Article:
The definitive therapy for retained lens fragments is pars plana vitrectomy (PPV); however, medical management may be sufficient, depending on the size and burden of the retained lens fragments.4 Generally, patients appear sickly relative to their uncomplicated counterparts, and it can be tempting to refer to a vitreoretinal specialist soon after surgery, even the same day.
RISK FACTORS FOR CAPSULAR RUPTURE
- Increased lens density
- Poor pupillary response to mydriatic medications
- Preexisting anatomic variations (eg, physiologic enophthalmos)
- Systemic conditions (eg, exfoliation syndrome, trauma, or Marfan syndrome)
TIMING OF VITRECTOMYThe timing of PPV has been a topic of debate among vitreoretinal surgeons for decades, and the discussion is ever-changing due to new developments in surgical technology. With the evolution of 23-, 25-, and 27-gauge vitrectomy systems, surgeons have become more comfortable performing vitrectomy for all indications.
Historically, PPV to remove lens fragments has been performed soon after complicated cataract surgery.5 Some have advocated same-day vitrectomy, and this thought has likely become the first instinct among anterior segment surgeons who often request same-day surgical intervention. Nevertheless, lens particulates present a unique challenge, as their removal may require the use of a fragmatome. Because of the size of these devices, this option requires creation of a 20-gauge sclerotomy, which can be cumbersome. Its scleral wound can lead to iatrogenic retinal detachment. Use of the fragmatome to bring lens particles to the tip of its needle may also cause iatrogenic injury due to mobile lens particulates making frequent contact with retinal tissues or direct tissue injury by the device (Video). Therefore, judicious decision-making and consultation of published evidence are key.
No randomized trials evaluating the timing of PPV have been published, although numerous case series have. Further, no comparative trial has been conducted comparing long-term medical management with surgical management. Conflicting and underpowered data supporting both early6,7 and delayed8-10 surgical management can be found.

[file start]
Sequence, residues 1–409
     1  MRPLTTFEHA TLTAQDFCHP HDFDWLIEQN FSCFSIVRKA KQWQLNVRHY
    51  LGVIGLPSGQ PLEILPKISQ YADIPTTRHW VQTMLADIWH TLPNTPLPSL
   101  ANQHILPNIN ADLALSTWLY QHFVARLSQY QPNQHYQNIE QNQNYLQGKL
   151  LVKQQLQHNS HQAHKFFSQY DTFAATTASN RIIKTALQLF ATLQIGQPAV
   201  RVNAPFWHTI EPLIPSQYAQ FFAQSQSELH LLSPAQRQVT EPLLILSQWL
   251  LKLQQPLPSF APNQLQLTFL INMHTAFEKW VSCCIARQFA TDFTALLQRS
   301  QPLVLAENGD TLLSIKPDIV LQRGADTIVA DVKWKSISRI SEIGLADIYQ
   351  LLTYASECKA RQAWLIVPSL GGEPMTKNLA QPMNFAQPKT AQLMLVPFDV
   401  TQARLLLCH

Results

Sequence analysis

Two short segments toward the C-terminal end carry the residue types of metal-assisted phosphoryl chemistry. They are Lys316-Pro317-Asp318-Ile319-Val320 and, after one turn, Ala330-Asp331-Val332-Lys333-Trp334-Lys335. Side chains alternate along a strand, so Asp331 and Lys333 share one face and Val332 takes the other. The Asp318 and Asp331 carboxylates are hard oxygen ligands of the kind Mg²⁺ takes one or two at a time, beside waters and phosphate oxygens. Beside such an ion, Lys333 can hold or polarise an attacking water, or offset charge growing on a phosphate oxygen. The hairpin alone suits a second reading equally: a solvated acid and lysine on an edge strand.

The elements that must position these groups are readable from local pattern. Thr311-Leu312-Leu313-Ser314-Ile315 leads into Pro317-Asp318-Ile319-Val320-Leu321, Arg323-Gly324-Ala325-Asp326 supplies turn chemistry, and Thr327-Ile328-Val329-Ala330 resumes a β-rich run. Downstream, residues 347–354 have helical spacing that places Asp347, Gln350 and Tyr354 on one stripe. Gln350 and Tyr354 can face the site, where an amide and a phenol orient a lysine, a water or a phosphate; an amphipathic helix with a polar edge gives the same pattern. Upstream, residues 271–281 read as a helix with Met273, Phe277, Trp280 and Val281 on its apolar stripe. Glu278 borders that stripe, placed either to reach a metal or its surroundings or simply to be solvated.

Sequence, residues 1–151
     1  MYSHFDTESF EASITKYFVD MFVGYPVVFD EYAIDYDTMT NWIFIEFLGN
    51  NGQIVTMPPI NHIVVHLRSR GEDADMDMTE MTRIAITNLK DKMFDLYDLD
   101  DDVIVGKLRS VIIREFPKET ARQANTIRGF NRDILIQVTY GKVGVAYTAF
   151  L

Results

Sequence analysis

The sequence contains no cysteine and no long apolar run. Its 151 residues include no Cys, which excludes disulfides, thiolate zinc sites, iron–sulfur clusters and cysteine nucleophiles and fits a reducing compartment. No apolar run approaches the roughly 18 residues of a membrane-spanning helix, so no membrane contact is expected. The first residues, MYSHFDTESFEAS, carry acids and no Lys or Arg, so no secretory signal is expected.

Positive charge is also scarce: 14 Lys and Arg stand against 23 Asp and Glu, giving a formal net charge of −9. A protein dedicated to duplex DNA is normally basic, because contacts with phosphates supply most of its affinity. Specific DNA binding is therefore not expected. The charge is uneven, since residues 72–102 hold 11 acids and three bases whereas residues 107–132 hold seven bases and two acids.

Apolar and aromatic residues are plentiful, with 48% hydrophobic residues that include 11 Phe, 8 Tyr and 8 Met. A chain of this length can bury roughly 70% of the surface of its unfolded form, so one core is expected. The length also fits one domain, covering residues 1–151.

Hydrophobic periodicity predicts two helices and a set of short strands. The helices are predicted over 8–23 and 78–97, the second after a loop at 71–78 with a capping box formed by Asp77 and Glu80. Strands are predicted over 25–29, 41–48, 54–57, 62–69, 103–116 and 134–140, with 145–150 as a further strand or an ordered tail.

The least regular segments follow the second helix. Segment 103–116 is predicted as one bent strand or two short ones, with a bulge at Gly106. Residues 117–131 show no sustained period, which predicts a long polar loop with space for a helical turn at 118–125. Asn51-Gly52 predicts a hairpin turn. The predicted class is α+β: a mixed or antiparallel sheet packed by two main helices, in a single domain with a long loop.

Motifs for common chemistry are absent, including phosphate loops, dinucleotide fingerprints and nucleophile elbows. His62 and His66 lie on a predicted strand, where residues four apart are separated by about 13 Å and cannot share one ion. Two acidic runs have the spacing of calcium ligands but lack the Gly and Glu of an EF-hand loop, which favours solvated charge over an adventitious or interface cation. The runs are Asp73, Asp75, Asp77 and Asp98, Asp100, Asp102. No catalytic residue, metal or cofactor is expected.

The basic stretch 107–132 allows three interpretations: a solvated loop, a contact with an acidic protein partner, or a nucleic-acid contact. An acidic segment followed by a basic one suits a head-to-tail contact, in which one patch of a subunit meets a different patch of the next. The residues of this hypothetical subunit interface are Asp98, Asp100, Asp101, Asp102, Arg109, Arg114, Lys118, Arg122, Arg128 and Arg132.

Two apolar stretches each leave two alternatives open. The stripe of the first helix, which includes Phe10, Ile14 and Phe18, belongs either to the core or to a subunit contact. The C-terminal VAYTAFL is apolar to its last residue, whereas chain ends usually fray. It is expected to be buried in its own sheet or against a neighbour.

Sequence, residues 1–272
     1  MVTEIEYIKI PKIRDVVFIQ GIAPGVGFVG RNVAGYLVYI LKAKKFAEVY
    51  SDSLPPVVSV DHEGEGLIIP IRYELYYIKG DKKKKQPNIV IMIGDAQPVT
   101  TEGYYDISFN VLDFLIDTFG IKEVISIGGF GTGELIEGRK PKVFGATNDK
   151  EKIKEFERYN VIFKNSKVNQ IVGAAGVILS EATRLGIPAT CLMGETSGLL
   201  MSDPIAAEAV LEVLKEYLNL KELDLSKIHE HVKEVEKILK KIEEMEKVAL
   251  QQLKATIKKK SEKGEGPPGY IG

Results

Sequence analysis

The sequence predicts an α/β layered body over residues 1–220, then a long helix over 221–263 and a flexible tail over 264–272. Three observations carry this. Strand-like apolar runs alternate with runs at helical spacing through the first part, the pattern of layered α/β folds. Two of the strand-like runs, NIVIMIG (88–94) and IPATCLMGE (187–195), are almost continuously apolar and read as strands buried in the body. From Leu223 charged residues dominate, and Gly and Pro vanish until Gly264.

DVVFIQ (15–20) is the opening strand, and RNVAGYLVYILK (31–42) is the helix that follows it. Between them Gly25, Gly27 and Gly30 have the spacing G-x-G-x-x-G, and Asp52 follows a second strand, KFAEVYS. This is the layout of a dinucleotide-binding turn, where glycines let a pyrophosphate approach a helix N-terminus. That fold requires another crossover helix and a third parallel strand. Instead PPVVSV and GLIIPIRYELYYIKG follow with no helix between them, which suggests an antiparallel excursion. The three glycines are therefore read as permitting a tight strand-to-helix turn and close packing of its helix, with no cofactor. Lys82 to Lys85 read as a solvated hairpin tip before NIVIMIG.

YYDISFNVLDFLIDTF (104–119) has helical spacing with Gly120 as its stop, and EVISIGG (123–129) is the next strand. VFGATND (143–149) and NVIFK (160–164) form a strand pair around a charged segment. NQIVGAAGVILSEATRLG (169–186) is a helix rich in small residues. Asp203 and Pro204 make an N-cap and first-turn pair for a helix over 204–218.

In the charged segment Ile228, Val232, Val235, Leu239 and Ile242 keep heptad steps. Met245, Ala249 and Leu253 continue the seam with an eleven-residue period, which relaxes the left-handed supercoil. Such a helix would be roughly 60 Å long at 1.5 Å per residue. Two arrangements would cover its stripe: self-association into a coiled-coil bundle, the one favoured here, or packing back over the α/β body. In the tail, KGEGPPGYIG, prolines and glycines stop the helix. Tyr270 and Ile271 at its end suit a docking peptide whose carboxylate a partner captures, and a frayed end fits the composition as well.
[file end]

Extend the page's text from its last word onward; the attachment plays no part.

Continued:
One meta-analysis gathered data from studies published from 1977 through 2008 and included 2,380 eyes with a mean 6 years’ follow-up.11 The authors stratified patients into two arbitrary time categories, 0 to 2 days and 3 to 7 days, and made statistical comparisons. They found that there was a significant difference in final vision between the two groups favoring later PPV, in the 3-to-7-days category. Not only were visual acuity outcomes better in the delayed-surgery group, but also the rates of complications, including retinal detachment, ocular hypertension, cystoid macular edema, and corneal edema, were lower.
Although not a scientific exercise, it is impressive to find that this meta-analysis identified what seems to be more numerous publications in support of delayed PPV versus early PPV.11 Anecdotal claims regarding corneal clarity, surgeon experience, and expert opinion also seem to support later surgical intervention.
Anticipating and treating complications of cataract surgery requires a unique and cautious approach. Although early surgery for retained lens fragments may be part of a larger trend toward early intervention in vitreoretinal surgery in general, early PPV may not be the ideal course of action in these cases. Proper medical management prior to referral is a key component to obtaining the best final visual results. Further efforts to initiate a randomized trial to identify the best strategy or strategies should be pursued.